José Cláudio Oliveira Macedo is a PhD student in the Brazil Institute. He is a Captain in the Brazilian Navy. He has served as a surface officer in fleet and district ships, including positions as commanding officer in the Northeast of Brazil and the Amazon region. He has also had experiences in ships of the US and Argentinean Navies. More recently, he served as a strategic planning advisor in the Naval Staff and has lectured 'international crisis' in Naval War College and Brazilian War College.
José Cláudio is also member of the Brazilian Association for Defense Studies, and his topics of interest include crisis management, maritime/ naval strategy and policy, strategic and defense studies, and international relations
MA in Strategic Studies, Fluminense Federal University (UFF)
Thesis title: 'Brazilian naval strategic thinking: 1985-2014'
How has Brazilian naval strategic thinking been characterised since the mid-1980s? This includes the country being under an internationally changing context of the end of Cold War and the debut of the United Nations Convention on the Law of the Sea (UNCLOS), plus a domestically changing context of the re-democratisation of the country in 1985 – until the end of the first administration of President Dilma Rousseff, in 2014. How is this in connection with Brazil's more assertive international projection in the first decade of the current century?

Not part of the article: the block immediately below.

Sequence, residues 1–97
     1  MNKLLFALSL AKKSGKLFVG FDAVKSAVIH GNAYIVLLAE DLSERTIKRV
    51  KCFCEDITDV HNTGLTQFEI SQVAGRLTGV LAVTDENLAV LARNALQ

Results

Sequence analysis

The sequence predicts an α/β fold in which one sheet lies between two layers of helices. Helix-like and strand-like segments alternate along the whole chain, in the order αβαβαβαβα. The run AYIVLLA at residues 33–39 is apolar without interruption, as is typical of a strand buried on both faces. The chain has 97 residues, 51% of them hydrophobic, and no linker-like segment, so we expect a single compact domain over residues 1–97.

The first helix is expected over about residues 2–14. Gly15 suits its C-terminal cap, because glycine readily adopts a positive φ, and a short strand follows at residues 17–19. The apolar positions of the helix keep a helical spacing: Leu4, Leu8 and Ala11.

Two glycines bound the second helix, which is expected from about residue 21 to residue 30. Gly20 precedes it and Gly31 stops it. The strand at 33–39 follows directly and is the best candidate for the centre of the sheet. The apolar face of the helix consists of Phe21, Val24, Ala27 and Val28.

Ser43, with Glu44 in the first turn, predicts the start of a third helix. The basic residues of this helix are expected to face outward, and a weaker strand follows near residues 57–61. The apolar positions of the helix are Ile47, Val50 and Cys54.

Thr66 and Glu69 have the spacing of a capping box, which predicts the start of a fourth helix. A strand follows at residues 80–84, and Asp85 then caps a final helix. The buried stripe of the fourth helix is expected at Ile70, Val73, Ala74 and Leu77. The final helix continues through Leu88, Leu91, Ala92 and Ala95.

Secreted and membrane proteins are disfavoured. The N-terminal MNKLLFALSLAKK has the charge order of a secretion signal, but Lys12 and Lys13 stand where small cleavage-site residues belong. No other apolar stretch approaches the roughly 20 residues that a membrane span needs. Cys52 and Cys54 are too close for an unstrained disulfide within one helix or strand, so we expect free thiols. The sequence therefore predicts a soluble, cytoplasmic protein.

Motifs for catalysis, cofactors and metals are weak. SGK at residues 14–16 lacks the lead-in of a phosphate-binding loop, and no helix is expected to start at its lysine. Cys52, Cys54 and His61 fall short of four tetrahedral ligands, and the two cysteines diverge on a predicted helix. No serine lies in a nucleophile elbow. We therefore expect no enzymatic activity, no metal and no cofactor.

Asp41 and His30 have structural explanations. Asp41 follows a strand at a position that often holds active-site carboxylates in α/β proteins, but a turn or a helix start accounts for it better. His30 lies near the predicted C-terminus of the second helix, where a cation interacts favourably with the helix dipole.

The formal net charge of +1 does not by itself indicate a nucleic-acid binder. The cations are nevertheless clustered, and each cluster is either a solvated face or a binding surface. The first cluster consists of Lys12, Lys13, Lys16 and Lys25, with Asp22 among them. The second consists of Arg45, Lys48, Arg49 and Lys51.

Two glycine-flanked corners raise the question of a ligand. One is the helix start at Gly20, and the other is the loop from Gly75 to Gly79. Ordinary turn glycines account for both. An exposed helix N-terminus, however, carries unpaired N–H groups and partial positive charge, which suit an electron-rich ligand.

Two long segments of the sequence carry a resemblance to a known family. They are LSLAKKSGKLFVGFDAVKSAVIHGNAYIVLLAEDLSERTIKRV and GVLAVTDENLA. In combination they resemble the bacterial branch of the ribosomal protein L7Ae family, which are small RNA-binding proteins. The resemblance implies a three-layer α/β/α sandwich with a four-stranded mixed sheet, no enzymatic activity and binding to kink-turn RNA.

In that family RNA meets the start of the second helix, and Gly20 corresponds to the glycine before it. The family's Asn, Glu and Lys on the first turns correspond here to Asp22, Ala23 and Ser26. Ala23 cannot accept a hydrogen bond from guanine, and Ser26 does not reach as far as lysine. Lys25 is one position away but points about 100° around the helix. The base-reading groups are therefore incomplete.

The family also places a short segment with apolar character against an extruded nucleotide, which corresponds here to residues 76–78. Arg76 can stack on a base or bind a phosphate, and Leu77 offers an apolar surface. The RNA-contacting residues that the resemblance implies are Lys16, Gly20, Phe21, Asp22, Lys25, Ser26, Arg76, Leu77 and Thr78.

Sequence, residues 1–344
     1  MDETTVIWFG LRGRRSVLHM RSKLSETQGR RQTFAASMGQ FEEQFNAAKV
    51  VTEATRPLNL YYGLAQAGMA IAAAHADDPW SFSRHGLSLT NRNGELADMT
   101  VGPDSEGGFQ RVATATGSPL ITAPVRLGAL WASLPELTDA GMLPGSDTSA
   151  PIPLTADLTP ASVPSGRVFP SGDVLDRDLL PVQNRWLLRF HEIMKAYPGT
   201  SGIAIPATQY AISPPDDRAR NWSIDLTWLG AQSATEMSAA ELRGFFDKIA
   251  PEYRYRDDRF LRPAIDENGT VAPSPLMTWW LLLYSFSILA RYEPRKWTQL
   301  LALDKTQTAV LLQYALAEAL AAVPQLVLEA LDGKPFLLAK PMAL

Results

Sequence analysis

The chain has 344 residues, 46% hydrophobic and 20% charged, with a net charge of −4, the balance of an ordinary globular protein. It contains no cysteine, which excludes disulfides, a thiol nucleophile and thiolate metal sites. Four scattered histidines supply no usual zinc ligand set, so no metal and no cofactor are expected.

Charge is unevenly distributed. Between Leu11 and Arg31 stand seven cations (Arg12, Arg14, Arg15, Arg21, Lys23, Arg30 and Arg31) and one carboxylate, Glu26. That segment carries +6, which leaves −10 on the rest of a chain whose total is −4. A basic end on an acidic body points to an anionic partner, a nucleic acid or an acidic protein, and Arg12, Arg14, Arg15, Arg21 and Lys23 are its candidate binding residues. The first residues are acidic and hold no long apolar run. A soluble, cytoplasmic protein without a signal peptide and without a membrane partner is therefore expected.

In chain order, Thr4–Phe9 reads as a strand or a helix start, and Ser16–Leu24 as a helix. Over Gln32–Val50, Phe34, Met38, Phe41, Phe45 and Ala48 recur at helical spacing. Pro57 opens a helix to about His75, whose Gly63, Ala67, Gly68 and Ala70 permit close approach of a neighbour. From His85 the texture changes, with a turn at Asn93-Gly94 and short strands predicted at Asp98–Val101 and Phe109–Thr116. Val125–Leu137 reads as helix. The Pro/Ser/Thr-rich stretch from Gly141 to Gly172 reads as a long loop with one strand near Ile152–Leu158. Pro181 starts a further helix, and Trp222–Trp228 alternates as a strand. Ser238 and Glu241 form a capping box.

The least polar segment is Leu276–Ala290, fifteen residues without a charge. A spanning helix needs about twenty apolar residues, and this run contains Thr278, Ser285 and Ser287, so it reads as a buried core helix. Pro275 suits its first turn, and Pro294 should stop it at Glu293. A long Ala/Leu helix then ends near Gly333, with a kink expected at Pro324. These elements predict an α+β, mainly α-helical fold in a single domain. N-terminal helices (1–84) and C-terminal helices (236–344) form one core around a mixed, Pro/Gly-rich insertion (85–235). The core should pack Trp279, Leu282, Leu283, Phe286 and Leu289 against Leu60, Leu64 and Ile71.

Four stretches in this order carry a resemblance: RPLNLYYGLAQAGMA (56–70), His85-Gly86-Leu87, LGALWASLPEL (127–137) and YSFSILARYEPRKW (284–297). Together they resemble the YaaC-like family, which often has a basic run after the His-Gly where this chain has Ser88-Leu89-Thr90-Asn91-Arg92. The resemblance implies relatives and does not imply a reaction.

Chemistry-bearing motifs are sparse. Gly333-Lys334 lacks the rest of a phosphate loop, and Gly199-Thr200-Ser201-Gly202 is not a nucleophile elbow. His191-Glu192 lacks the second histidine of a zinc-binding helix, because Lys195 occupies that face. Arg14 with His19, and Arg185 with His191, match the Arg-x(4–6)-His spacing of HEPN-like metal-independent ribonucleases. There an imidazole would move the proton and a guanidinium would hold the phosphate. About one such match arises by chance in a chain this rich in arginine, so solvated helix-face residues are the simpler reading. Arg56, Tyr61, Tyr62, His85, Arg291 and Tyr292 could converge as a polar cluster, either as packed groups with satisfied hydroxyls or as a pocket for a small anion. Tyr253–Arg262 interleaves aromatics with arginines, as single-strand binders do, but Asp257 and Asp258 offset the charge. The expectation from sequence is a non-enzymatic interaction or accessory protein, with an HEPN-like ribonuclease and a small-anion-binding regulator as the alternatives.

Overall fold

In what ways has this characterisation been expressed in terms of naval policy, such as establishing force structure, missions, doctrine and assignment of activities for peacetime, at home and abroad, alongside activities in preparation for defence?
How has this naval strategic thinking, given for instance the new set of UNCLOS, dialogued with society, toward increasing domestic needs, and with an allegedly Brazilian grand strategy, toward international actions, through that period? How can this characterisation indicate a trend in terms of the relationship between Maritime Strategy and Maritime Security in the Brazilian case?
The changing contexts in this timeframe encompass externally, for instance, the facts, as the ones mentioned, that prompted renewed approaches to the concepts of maritime strategy and maritime security, and internally the creation of the Ministry of Defense in 1999. This ensued legal alterations on armed forces' attributions; the two first National Strategies of Defense, in 2008 and 2012; and the first-ever Brazilian Defense White Paper, in 2012.
In terms of methodology, this research is a case study where the phenomenon being investigated is the naval/maritime strategic thinking, Brazil being a single case during the specified period.